NASA mission to 'touch the sun' launches Saturday

NASA mission to 'touch the sun' launches Saturday

NASA mission to 'touch the sun' launches Saturday

While it will initially be launched in a solar orbit, NASA plans to use Venus' gravity to alter its course to bring it in ever closer circles to the sun.

At 3:33 a.m. EDT on August 11, while most of the asleep, NASA's Kennedy Space Center in Florida will be abuzz with excitement.

"There are missions that are studying the solar wind, but we're going to get to the birthplace", Fox said.

The spacecraft launches from Cape Canaveral Air Force Station in Florida and will be hitching a ride on board United Launch Alliance's Delta IV Heavy rocket, which has an added third stage and is all geared up for a speedy liftoff. About the size of a small auto, it weighs a mere 1,400 pounds.

"This could help us do a much better job of predicting when a disturbance in the solar wind could hit Earth, triggering space weather that could disrupt Global Positioning System, radio, radar and the electric grid", said Justin Kaspar, a professor at the University of MI and a principle investigator for the Parker Solar Probe.

"And it needs to be, because it takes an vast amount of energy to get to our final orbit around the Sun", Driesman added.

Zooming through space in a highly elliptical orbit, Parker Solar Probe will reach speeds up to 430,000 miles per hour - fast enough to get from Philadelphia to Washington, D.C., in a second - setting the record for the fastest spacecraft in history. "It's of fundamental importance for us to be able to predict space weather much the way we predict weather on Earth", explained Alex Young, a solar scientist at Nasa.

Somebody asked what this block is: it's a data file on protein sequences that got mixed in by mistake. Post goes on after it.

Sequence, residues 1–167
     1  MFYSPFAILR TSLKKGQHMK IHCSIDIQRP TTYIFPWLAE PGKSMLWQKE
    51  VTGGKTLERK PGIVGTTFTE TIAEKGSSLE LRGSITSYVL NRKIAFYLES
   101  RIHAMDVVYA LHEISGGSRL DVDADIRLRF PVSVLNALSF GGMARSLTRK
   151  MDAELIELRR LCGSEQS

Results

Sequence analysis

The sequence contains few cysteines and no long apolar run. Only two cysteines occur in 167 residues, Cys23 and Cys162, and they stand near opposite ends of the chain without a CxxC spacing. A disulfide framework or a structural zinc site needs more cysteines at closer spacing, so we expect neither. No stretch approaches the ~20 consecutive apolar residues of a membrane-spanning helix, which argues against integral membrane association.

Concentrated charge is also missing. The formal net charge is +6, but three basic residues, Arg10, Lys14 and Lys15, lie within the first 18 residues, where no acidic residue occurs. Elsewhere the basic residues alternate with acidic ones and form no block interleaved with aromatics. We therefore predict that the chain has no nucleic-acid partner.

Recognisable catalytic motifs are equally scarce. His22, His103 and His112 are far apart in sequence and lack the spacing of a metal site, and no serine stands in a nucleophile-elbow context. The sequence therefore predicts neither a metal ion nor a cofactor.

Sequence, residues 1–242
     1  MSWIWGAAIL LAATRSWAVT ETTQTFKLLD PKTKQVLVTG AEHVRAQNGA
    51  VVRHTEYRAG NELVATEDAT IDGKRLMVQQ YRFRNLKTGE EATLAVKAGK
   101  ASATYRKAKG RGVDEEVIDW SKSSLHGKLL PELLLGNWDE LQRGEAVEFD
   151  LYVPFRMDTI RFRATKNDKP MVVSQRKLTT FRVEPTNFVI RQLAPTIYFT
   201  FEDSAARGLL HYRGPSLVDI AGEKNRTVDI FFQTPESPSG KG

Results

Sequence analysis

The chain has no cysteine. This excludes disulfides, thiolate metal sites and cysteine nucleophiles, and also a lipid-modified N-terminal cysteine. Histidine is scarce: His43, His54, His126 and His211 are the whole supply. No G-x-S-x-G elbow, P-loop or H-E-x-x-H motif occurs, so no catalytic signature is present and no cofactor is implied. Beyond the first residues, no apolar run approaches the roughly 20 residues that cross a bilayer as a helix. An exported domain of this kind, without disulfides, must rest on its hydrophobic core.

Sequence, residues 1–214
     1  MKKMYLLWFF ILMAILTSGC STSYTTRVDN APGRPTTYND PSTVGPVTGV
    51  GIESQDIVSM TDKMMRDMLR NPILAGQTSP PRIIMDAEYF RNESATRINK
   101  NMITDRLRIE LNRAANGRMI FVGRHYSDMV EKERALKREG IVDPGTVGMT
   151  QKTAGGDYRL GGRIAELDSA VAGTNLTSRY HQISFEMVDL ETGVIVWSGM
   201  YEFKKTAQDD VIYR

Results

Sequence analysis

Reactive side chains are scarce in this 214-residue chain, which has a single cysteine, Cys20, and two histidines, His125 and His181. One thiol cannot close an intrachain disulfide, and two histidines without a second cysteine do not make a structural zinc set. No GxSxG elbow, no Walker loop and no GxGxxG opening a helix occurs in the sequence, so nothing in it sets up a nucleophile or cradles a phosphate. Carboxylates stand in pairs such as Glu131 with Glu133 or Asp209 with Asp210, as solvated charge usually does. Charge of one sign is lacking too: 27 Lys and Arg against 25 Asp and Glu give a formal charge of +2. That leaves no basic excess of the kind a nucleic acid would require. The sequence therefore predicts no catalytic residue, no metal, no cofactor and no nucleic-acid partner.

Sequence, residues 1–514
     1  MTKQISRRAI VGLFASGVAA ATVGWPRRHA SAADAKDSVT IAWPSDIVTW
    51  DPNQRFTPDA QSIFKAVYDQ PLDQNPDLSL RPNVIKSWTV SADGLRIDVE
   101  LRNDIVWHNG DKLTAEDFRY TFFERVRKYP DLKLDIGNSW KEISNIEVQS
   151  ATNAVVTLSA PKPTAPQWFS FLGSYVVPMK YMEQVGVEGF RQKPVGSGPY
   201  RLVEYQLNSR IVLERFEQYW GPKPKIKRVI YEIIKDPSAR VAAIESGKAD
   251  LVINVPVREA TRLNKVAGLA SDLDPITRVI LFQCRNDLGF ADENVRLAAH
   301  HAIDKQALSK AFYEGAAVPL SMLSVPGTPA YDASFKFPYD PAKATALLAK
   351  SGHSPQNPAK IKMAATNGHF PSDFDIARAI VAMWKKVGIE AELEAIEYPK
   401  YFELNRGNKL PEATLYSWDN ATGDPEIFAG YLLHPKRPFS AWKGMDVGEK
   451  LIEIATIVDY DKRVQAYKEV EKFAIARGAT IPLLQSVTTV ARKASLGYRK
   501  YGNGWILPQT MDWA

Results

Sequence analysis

The fleet of heliophysics spacecraft and satellites, which observe and study the Sun and solar wind. To snuggle up to the sun, it will fly past Venus seven times over seven years. "And that allows us to shrink our orbit and go closer to the sun than anything has been before".

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In an orbit this close to the Sun, the real challenge is to keep the spacecraft from burning up. The closest any other spacecraft has come was the Helios B probe, which came within 27 million miles on April 17, 1976.

Protected behind a new carbon-composite heat shield, the probe's instruments will remain at roughly room temperature as they gather information in a region of the corona that reaches temperatures of around 1,400°C.

The heat shield is a sandwich of carbon-carbon composite surrounding almost four and half inches of carbon foam, which is about 97 percent air. Despite skepticism, NASA's Mariner 2 spacecraft proved Parker right in 1962. Somewhere in the Sun's corona - the source of glow that you can see during a total solar eclipse - these particles can reach supersonic speeds and are collectively called the solar wind. There is also a white light imager, taking pictures of what the spacecraft is about to "plow through", said Fox.

"The state of solar wind is greatly affected during its journey toward Earth and beyond by a number of other physical processes, which mask completely what caused the heating and acceleration of the plasma in the corona in the first place", Raouafi says.

NASA's Messenger, which orbited Mercury from 2011 to 2015, provided insight into the solar wind but was too away.

"I'm greatly honored to be associated with such a heroic scientific space mission", Parker said.

If the probe doesn't launch on Sunday, the window for a successful launch doesn't close until August 23.

Three months later, Parker Solar Probe will reach its first close approach of the Sun in November 2018, and will send the data back in December.

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